Review: NBA Playgrounds

Posted 5 years ago by Patrick Hancock

On the playground is where I spent most of my days

Yeah, now basketball is my favorite sport

I like the way they dribble up and down the court

I keep it so fresh on the microphone

I like no interruptions when the game is on

I like slam dunk, to take me to the hoop

My favorite play is the alley-oop.

NBA Playgrounds (PC, PS4, Switch, Xbox One [reviewed])
Developer: Saber Interactive
Publisher: Saber Interactive
MSRP: $19.99
Release Date: May 9, 2017

Okay, I know what you’re thinking. “Is this like NBA Jam?” Sort of! Though it definitely takes more inspiration from the NBA Street series. It’s a two-on-two game featuring real stars with exaggerated proportions and some sort of whacky moves. There’s a turbo button, you can shove people, alley-oop, perform major dunks, get five points in one shot…you get the idea.

Don’t go into NBA Playgrounds expecting it to play just like those older games that paved the way. It has its own quirks and mechanics to get used to and those who do not adapt will leave frustrated. For example, I like to push in NBA Jam. Like, a lot. It’s my favorite. In Playgrounds, a player can generally push once per defensive possession, because it drains the stamina bar instantly. In fact, if said player recently performed some big dunk, they may not be able to push for some time!

Many moves drain stamina, indicated as a bar below each player. Using turbo, pushing, and performing crossovers will drain it pretty quickly. At first, the stamina bar feels very limiting, but I’ve come to enjoy the decisions it forces on the player. Going for a big dunk might net you those two points, but it strips you of a defensive push for quite some time. It makes the game a little bit smarter and strategic. If you ever lack the stamina to do something like push, the controller vibrates. And I mean it vibrates. Like holy hell I’m surprised each time it happens because it feels like someone hooked a vibrator up to a car battery. 

There are of course some small intricacies to the gameplay as well. Shooting requires holding and then releasing the button; release too early or late and the shot misses. Timing a shot perfectly will net an extra point, as does scoring the very first bucket of a game. So shooting a perfect three-pointer as the first shot of the game can net a team five points at once! I do wish there were some sort of “free mode” to run around trying different shots, experimenting with characters, and attempting to nail perfect shots, because I still have no clue what it’s looking for there.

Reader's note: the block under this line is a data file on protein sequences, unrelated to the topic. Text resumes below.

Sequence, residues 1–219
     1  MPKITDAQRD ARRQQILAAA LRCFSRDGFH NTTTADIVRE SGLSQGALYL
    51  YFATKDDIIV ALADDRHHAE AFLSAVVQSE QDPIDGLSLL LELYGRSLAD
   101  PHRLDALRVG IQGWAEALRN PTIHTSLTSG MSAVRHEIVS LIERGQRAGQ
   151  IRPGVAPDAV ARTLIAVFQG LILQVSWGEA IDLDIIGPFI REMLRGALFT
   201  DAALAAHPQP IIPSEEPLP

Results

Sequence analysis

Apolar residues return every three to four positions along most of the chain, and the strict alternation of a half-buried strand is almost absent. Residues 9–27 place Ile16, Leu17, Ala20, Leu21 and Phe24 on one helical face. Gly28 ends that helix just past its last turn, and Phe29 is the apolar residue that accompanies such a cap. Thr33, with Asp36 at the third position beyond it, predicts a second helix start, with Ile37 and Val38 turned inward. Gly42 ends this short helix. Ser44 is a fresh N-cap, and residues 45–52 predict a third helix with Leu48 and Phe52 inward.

Often times I’ll feel as if I nailed the shot, and it comes up as late. It’s also frustrating to miss a dunk or easy layup because your timing was off. Seeing David Robinson miss a slamma-jamma dunk because I held the button too long just feels lame. I’m pretty sure the timings vary depending on the animation, but it’s impossible to know what animation is going to play most of the time, so I just end up releasing and hoping for the best.

There’s also this awkward wait time after every single basket. The game forces the scoring team to their side of the court automatically, and the inbounding team cannot move until that happens. This would be fine if it were always quick but it certainly is not. After either an alley-oop or a chaos-tier dunk, at least one player is usually splayed out on the ground. They then need to finish their animation, get up, and run back to their side of the court. It becomes noticeable way too often and slows down what is otherwise a break-neck paced game.

Performing moves like alley-oops, blocks, steals, and monster dunks begins to fill up a special meter. Once its filled, the game randomly chooses a bonus for the team. This could be as simple as “the next shot you take will go in” or something more interesting like “the opponent’s shot clock ticks faster.” It’s hard to say they are all equal in value, but at least nothing feels overtly “overpowered” since it’s all up to chance anyway.

While the moves in NBA Playgrounds are pretty zany and off-the-wall, I wish there were more options to play around with. The match options for exhibition games allow players to determine if they play for score or time, the level of AI difficulty, and the color of the ball. I would have loved to see things like infinite turbo, max/null all stats, or anything to make the game crazy for those late-night gaming sessions.